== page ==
We also do a lot of educational clinics such as the Las Vegas Saxophone Day, the Southern California All-State Conference, a conference up in Rhode Island with NEMC, and we did an educational-type of clinic in Quebec too.


Have you been doing a lot with the American Saxophone Alliance?

Absolutely, I’m heavily involved in every national conference and even a few of the world conferences. We plan on going to the next up and coming conference in Croatia and we were just at the previous one in France. There’s also been a lot of recording we’ve been involved in.

Begins talking about the Capital Quartet ...

We’re not sure about doing CD’s much anymore, we’re actually considering just doing individual downloads. I find that if you ask a lot of students these days how they’re listening to their music, like my son for instance, it’s all downloaded onto their computer. It’s unfortunate for the music industry but that’s how we have to keep up. I’m personally starting to do a lot of YouTube videos, I’m going to be putting a whole series up along with some some recordings on a new website I’m creating this summer. So those are a lot of the things we are involved in; a lot of recording and educational outreach. If an orchestra or band, particularly from a university calls us, we will go out and do that. We’ve also been doing these residencies about three times a year. We’ve done a couple up in Michigan as well as one down in Arizona. Our last one was in November at Arizona State University. There’s a lot of venues down in Phoenix! We’ll also be doing a Michigan residency in October. In addition to the residencies we’ll be doing a lot of community concert series.

"Playing in a quartet is like a marriage, there’s a give and take, you have to yield a lot, and really know more about that other person, it’s a huge relationship. You really have to be able to play your part on auto-pilot." - Joe Lulloff

When preparing to tour overseas, are there certain measures you take to prepare yourselves physically and mentally?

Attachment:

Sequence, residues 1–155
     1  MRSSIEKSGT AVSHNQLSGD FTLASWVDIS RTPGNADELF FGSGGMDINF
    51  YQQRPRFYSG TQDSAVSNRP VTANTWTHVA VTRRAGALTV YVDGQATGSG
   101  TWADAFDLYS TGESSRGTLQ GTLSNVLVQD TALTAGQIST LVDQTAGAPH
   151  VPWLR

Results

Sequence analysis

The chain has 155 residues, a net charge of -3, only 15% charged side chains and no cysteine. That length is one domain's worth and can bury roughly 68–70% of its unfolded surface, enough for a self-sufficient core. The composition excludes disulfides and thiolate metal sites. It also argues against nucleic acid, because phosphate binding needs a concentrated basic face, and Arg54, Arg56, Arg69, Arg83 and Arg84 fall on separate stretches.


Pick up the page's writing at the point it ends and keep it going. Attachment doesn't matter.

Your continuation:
Yeah, that’s where the residencies come in. If we have a concert at a saxophone conference then that’s an opportunity to try certain things out before performing in front of the top professional saxophonists in the world. At the Brevard Music Center, where I teach in the summertime, we’ll have some type of rehearsal retreat where we’ll do two or three days of just practicing. Those two or three day residencies help us greatly. Before we get to those rehearsals each of us will make a huge part of our preparation being able to perform our individual parts as if we were performing them on a recital. You can have the technique prepared at the highest level, but when you have a new piece that’s being put together there are three other entities you have to “dance” with. Playing in a quartet is like a marriage, there’s a give and take, you have to yield a lot, and really know more about that other person, it’s a huge relationship. You really have to be able to play your part on auto-pilot. For me, I kind of will memorize my part, or at least know the music well enough to be able to focus on other aspects of the quartet instead of just my part. You want to be connected with your ensemble members and have your eyes out of the music.



So for the new pieces you’re performing you don’t have a recording to reference, you just have the score, correct?

Correct. I mean, there’s MIDI recordings but they don’t do the music any justice. There’s certain things about MIDI that help a little like the tempo and maybe a little bit with the interplay of counterpoint, but as far as any type of blend or a group sound I’m not really a fan of MIDI. For me, studying music is a lot of score study and a lot of singing. I also listen to a lot of other pieces written by the same composer. It helps you get to know their background of individual writing. It’s just like any other type of in-depth research, it’s always about coming prepared as well as possible. We know that we will have to take one step back for every two steps forward.